Want to do more?
Buy organic food: organic farms support 50 per cent more wildlife than conventional farms. Buy dolphin-friendly fish (Whale and Dolphin Conservation Society: wdcs.org). Go on a conservation holiday (see Ch.13 Holidays). Create a wildlife-friendly garden: gardens can be havens for wildlife displaced by modern farming (see Ch.5 Garden). Adopt an endangered animal through WWF (wwf.org.uk).
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Resources
Organisations: Campaign for the Protection of Rural England (cpre.org.uk); nationaltrust. org.uk; Royal Society for the Protection of Birds (rspb.org.uk); seawatchfoundation.org. uk; wildlifetrusts.org; woodland-trust.org.uk Websites: whentowatchwildlife.org; wildaboutbritain.co.uk; wildfile.co.uk; wildlifeonline.me.uk Magazines: bbcwildlifemagazine.com

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Chapter 17
Social change
In a nutshell
We won’t save the planet unless we persuade other people − and governments − to act too. Lend your voice to the groundswell of public opinion demanding decisive action on global warming and the environment.

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The UK Government spends £32 billion a year on defence − and less than £100 million on renewable energy research.

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KEY STEPS
1 Support a green organisation: such as Friends of the Earth, WWF or Greenpeace. 2 Vote green: vote for politicians you think will put the environment first. 3 Think globally, act locally: join a local green group, project or campaign. 4 Support a better deal for the world’s poor: poverty can force people to harm the environment to survive and means they need more children to support themselves in sickness and old age, fuelling population growth. Join social justice campaigns such as tradejusticemovement.org.uk or World Development Movement; wdm.org.uk and help farmers in developing nations escape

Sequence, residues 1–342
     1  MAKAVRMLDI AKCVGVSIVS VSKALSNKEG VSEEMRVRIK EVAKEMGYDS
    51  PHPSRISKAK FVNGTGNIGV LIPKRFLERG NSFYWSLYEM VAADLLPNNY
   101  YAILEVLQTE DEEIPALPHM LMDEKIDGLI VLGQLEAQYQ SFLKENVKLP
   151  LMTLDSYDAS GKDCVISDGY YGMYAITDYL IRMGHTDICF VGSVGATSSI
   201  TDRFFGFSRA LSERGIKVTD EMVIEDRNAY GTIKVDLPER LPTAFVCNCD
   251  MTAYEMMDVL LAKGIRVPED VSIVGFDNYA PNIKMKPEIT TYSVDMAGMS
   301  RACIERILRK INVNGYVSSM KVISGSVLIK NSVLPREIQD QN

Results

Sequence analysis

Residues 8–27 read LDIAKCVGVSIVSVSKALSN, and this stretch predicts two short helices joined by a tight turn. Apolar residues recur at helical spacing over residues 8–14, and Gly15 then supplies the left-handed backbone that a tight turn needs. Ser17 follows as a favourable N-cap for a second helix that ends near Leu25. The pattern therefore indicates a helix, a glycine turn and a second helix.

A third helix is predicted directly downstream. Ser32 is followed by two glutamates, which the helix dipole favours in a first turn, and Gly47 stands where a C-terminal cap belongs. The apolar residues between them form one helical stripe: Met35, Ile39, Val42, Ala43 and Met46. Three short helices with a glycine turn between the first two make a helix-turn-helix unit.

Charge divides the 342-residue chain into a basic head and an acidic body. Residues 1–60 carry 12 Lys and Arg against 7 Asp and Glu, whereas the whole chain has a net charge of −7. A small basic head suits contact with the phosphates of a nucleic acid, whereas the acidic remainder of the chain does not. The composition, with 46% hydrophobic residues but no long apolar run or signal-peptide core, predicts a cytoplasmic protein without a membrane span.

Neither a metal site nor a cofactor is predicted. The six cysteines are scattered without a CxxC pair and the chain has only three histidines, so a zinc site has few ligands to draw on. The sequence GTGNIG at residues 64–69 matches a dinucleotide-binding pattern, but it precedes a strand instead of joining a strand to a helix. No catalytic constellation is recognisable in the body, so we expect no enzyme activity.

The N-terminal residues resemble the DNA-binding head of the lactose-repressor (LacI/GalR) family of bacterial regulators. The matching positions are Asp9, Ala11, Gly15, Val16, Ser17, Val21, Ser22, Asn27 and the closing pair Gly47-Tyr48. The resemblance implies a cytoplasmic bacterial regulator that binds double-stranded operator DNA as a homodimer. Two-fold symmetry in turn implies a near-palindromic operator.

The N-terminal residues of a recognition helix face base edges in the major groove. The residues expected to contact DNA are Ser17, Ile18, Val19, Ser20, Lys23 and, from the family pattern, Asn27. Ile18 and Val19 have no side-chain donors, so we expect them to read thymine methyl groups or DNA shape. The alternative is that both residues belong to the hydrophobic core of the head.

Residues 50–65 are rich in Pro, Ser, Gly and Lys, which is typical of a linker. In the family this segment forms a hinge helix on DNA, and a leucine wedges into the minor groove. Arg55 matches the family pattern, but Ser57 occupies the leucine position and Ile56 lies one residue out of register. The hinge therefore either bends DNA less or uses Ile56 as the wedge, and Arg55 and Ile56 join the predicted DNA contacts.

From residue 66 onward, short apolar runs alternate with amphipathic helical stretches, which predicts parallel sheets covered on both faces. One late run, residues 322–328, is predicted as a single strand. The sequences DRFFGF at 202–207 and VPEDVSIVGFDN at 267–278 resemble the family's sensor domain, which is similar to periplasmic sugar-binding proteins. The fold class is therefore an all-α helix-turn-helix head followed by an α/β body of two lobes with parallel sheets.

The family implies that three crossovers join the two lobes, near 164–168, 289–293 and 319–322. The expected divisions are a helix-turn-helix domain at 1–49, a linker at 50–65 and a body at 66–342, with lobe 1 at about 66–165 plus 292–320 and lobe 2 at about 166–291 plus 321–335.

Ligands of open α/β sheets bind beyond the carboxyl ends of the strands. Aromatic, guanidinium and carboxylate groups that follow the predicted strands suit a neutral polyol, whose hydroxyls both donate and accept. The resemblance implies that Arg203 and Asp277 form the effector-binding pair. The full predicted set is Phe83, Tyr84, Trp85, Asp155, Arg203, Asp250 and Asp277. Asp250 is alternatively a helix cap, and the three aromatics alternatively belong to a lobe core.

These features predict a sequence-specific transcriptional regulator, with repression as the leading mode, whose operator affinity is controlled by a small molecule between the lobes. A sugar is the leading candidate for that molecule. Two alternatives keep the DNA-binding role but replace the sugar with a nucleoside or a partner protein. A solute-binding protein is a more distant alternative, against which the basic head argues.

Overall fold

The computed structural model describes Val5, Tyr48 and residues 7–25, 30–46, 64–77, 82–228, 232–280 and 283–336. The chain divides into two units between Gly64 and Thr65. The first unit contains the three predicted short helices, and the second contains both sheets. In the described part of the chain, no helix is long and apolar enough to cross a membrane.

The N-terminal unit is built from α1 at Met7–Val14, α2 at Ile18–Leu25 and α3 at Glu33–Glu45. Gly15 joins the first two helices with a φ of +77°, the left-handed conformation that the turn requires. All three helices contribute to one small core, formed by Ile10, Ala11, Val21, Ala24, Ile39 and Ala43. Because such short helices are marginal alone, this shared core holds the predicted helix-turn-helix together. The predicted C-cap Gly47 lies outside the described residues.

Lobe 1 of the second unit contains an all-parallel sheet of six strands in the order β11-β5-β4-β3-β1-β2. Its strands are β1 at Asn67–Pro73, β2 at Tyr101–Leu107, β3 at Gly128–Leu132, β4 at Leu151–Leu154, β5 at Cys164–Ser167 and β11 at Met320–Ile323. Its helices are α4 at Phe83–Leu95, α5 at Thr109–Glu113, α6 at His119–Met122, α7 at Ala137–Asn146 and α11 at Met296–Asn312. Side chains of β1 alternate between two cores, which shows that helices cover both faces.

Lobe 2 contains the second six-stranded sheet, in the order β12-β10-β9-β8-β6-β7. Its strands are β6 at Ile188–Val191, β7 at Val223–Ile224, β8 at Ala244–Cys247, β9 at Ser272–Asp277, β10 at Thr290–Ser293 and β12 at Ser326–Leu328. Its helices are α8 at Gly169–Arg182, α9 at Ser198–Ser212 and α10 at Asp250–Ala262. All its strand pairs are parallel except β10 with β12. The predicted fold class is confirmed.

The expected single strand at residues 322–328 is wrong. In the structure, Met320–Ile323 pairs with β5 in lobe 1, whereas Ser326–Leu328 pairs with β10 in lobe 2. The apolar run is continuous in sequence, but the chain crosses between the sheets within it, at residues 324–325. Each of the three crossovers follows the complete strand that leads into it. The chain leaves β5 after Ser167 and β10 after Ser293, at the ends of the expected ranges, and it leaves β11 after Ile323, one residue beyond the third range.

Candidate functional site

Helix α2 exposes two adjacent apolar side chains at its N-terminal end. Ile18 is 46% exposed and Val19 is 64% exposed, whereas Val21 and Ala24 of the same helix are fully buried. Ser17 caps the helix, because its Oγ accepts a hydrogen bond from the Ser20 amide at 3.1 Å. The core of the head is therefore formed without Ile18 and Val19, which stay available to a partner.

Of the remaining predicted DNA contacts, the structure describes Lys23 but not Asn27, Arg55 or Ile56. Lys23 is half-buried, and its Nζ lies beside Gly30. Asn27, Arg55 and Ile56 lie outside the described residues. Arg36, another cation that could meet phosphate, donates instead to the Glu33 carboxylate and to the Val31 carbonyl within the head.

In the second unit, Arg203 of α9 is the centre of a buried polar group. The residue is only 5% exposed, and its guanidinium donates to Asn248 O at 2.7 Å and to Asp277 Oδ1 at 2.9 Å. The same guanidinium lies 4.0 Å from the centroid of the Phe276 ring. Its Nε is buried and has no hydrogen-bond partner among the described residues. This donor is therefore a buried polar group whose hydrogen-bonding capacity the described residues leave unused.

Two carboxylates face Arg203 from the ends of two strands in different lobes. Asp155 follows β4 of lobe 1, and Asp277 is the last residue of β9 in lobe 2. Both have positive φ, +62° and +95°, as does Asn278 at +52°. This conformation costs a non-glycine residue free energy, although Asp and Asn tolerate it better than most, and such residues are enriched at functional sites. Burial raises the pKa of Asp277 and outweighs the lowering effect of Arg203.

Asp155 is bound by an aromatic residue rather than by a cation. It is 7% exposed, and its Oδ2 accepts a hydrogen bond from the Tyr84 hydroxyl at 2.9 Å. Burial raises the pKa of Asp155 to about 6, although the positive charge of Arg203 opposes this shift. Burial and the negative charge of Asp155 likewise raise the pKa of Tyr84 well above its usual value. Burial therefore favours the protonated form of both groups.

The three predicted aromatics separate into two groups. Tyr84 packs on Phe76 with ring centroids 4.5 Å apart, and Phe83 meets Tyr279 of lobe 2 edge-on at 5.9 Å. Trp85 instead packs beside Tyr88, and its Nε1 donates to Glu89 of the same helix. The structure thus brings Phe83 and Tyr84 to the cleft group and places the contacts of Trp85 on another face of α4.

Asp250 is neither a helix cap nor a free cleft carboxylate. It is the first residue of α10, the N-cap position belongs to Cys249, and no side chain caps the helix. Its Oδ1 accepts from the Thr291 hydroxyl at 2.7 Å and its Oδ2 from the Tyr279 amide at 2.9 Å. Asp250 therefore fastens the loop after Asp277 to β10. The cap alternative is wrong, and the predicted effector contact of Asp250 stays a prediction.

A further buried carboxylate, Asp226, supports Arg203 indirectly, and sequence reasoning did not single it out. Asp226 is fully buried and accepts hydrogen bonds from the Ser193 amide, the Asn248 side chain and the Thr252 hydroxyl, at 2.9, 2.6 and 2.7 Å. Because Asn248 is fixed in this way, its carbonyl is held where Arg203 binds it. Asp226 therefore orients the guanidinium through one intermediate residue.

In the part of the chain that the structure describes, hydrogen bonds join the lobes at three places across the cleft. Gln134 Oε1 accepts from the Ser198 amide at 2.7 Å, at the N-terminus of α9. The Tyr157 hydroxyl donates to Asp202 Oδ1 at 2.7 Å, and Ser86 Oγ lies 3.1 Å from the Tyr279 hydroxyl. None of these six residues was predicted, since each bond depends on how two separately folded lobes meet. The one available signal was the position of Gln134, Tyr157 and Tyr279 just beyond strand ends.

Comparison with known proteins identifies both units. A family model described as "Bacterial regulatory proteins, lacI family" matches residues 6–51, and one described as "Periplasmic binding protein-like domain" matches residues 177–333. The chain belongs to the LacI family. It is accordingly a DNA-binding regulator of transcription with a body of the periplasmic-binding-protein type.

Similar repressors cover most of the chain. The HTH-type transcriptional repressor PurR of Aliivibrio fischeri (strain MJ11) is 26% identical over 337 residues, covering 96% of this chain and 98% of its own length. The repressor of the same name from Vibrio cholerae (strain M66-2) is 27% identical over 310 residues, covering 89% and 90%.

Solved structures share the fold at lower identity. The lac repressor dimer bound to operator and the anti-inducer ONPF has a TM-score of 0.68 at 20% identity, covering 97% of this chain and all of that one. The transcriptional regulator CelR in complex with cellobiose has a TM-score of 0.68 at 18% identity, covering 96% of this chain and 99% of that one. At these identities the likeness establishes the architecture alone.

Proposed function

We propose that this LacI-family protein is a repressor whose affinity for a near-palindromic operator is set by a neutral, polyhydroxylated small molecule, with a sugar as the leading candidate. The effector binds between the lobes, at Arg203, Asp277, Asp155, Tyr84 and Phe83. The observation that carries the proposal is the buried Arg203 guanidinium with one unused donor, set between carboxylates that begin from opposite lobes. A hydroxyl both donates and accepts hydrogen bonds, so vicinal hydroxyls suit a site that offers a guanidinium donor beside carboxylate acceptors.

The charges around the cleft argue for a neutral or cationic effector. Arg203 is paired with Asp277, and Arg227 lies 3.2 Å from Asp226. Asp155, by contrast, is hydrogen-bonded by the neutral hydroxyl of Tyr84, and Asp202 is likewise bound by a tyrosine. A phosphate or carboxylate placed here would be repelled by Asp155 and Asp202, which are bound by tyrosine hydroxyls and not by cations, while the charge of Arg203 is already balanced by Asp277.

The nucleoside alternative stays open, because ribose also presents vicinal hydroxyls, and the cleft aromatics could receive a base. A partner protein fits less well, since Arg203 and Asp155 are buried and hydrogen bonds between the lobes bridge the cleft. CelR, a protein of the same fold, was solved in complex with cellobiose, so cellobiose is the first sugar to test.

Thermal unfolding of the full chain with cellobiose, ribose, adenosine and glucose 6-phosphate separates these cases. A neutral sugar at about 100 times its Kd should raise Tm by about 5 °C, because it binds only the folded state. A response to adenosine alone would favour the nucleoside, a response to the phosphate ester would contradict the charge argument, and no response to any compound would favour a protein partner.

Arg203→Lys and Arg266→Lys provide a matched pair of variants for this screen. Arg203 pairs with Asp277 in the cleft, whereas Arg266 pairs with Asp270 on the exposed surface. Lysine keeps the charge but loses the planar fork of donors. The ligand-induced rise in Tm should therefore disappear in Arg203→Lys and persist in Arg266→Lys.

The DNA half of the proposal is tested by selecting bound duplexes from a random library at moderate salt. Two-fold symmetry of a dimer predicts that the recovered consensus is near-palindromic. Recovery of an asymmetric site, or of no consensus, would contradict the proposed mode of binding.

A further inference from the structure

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section 3: green world from poverty by buying fairtrade products such as coffee or chocolate (Fairtrade Foundation; fairtrade.org.uk).

Want to do more?
Write to stores and companies and tell them their environmental policies matter to you as a customer. Propose green initiatives at your children’s school. Discuss environmental issues with family, friends or work colleagues. Support indigenous and tribal cultures − they contain thousands of years of knowledge about living sustainably with nature (survivalinternational.org).
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it’s easy being green Meet like-minded people at greendrinks. org. Explore local community-building networks, such as local exchange trading systems (letslinkuk.org) or time banks (timebanks.co.uk).

Learn from the past
It may be a fading memory, but World War Two showed that − with public support and real leadership − it is possible to quickly reshape our whole economy and society to tackle a crisis.

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Section 4: Resources
Useful resources